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Today Hitachi announced the addition of two new products featuring their HXP 18V batteries: the WH18DL impact driver and the WR18DL impact wrench.  Both models offer similar features with the impact wrench delivering a bit more torque and a 1/2″ square chuck (for standard 1/2″ drive sockets) as opposed to the driver’s 1/4″ hex chuck.

The wrench is rated to produce 1,950 in-lbs — 162-1/2 ft-lbs — of torque, which should handle many (if not quite all) of the jobs for which you currently use an air wrench.

Note: If you’re an autocrosser, cordless electric impact wrenches are incredibly useful for unbolting wheels quickly at the event.  You can also do the job almost as easily with a good old cordless drill, but you have to break them first.  That disadvantage is sort of offset by the fact that you can use the drill to reinstall the nuts down to a soft torque so you can finish them off with your torque wrench.  Either tool will speed up your day.

The driver puts out 1,330 in-lbs, which is respectable and in range with other 18V impact drivers.  If you don’t yet have an impact driver in the shop, get thee down and pick one up.  They’re a must have for assembling big wood projects with carriage bolts and numerous other fastener fiascos.  This is one of those tools that once you have one, you’ll wonder how you got through all those years without. 

We do wonder, though, if it’s really necessary to keep an 18V impact driver around when the lower voltage (and smaller) units still put out so much torque.  We’re currently testing a Bosch 12V unit that delivers a little over 1,000 in-lbs, and so far we haven’t managed to bog it down in any normal tasks.  It’s a little monster.  We do like the concept of Li-Ion, though, as they’re so much easier to maintain.

Back to the Hitachi units: Both models have a two-speed selector switch so they can operate on either 0-2,600 RPM or 0-2,000 RPM.  The slower speed offers longer battery life and works for many applications.

It’s probably important to note that the HXP batteries are backwards compatible — like Milwaukee’s, RIDGID’s, and others’ — which means you can use them with any tools in Hitachi’s 18V DMR or DVF3 tools.  So, if you’ve got an older combo kit that doesn’t include one or the other of these new tools, you could pick one up and upgrade your whole kit at the same time.  The universal charger that comes with the new tools will also charge any of Hitachi’s 7.2V to 18V Li-Ion, NiCd, or NiMH batteries, so you could continue to use your old batteries as well.

These tools will both retail for $289 according to Hitachi.  Look for them on shelves soon.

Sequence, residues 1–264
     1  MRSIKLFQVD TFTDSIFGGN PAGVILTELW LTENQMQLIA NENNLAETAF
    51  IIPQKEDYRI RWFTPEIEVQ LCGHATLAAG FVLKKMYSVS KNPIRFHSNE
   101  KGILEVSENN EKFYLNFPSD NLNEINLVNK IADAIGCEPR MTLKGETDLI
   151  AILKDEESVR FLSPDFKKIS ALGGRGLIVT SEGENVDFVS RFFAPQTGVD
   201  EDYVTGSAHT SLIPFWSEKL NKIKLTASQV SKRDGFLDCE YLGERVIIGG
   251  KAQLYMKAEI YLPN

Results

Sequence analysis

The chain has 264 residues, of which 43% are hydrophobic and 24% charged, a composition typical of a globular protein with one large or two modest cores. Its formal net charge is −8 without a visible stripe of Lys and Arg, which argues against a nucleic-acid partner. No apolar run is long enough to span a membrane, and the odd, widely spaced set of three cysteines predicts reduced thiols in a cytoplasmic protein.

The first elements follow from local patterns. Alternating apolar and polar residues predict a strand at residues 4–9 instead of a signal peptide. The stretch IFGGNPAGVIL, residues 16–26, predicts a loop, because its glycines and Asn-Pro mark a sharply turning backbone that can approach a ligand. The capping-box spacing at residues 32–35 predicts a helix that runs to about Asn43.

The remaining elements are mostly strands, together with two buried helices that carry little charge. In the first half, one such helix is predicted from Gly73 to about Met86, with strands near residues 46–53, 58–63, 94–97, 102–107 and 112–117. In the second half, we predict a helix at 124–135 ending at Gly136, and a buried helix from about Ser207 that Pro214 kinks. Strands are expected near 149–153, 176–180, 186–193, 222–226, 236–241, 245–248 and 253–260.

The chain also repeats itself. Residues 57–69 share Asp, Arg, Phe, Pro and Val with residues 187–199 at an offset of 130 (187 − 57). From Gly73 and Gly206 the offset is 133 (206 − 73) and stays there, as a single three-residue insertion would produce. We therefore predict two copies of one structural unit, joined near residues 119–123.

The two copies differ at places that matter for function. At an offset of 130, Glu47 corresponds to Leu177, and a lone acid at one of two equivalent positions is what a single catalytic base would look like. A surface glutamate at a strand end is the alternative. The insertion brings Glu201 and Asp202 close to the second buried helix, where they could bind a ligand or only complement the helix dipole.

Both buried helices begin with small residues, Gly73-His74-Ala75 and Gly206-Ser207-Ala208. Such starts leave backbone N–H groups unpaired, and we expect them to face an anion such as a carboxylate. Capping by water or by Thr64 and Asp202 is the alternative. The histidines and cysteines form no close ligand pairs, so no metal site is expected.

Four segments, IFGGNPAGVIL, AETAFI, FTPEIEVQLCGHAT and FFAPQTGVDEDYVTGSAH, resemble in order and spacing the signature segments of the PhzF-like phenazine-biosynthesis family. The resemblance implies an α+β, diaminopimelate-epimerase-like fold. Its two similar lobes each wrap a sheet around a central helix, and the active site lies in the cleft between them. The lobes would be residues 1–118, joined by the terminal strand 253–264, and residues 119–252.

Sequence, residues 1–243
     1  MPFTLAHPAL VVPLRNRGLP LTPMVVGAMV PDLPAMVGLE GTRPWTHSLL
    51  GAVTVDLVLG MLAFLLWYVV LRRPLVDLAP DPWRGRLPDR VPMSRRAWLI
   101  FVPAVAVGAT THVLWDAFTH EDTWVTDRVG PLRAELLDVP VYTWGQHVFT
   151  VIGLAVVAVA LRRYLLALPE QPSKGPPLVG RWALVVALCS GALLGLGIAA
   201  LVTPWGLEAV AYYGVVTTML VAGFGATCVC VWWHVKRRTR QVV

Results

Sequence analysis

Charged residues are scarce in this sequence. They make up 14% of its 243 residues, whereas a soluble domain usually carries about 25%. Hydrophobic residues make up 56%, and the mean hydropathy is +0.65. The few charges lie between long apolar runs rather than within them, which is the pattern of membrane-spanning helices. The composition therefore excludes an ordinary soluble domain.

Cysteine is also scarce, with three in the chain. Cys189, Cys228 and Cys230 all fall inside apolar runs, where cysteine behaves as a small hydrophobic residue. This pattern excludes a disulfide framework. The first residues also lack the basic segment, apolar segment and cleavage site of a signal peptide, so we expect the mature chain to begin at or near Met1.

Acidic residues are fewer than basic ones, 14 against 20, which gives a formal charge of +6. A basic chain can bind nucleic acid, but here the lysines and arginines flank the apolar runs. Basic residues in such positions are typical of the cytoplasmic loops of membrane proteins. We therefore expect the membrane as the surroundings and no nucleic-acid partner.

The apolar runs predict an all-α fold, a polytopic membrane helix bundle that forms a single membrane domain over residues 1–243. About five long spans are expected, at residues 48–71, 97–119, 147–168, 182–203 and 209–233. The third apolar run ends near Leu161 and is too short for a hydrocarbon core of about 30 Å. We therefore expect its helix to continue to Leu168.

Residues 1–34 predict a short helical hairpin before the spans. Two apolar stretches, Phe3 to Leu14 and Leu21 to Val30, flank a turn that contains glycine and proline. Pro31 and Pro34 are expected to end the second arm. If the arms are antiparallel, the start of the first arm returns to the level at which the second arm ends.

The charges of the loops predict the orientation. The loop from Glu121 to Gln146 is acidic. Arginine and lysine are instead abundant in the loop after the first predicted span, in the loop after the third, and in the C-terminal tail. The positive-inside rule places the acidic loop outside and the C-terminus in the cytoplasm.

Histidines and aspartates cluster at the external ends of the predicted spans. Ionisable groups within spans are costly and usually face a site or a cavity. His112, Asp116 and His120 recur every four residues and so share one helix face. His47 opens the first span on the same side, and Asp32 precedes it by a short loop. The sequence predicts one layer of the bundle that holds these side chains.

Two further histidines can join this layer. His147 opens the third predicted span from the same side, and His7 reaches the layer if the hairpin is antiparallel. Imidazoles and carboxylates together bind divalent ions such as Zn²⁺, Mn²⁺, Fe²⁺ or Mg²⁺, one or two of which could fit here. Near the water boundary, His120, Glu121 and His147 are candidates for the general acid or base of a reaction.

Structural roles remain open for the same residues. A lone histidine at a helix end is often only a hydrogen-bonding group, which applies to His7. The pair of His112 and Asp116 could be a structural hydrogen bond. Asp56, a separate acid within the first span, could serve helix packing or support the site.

5 Responses to Preview: Hitachi’s Li-Ion Impact Driver/Impact Wrench

  1. Myself says:

    So when will they come up with a non-impact mode, for low-torque starting of nuts so you can be sure they’re not crossthreaded before switching into impact mode? Hammer drills are switchable…

    The universal charger is pretty sweet. There’s something to be said for keeping the same connector, or a similar enough one that you can make a charger like that. Now if only these came in a less goofy color scheme!

  2. Steve Thompson says:

    I autocross my MINI Cooper and have been shopping for a cordless impact wrench for a little while. The question for me is this: as noted above, some of the lower power units do fine. And in general I find electric impact wrenches just too bulky for much more than lugs and an occasional exhaust bolt (sometimes). That’s where air tools rule! So, I’ll admit that the Hitachi is probably a superior instrument, but is the $289 price of the tiger-striped Hitachi really worth $220 more than a cheapie import (http://www.harborfreight.com/cpi/ctaf/displayitem.taf?Itemnumber=92798) for removing my lug-bolts at the track?

  3. Myself says:

    If you have to ask the question, you must not have a lot of experience with Harbor Freight yet. 😉

    They’re pretty serious toys, but I don’t know if I’d call them tools. The cheapie chargers don’t have any control logic, so they wear out batteries prematurely. The batteries are cheap to begin with, so while they boast a common terminal voltage, the amperage grunt they put behind it is seriously subpar. Don’t expect to get more than a few dozen charges out of that pack, whereas a name-brand tool should give you hundreds.

    I’ve also had bad luck with cheap switch mechanisms. They seem to arc a lot and fail prematurely; I think this is because they don’t include a snubber capacitor across the contacts. If you can get replacements that fit, and don’t mind opening the drill every few months to fix it, that’s up to you.

    I guess the question is this: When the tool fails, where will you be? If you’re at a track, and borrowing someone else’s impact wrench is just a matter of gratitude, then yes, the cheapie’s a fine idea. Especially if you don’t plan to use it heavily in the first place. But if a tool failure would leave you stranded somewhere uncomfortable, consider investing in quality.

  4. Fletcher says:

    Styling is a little reminiscent of a kid’s toy, isn’t it?

  5. PeterP says:

    Yeah, do they have a non G.I. Joe edition?

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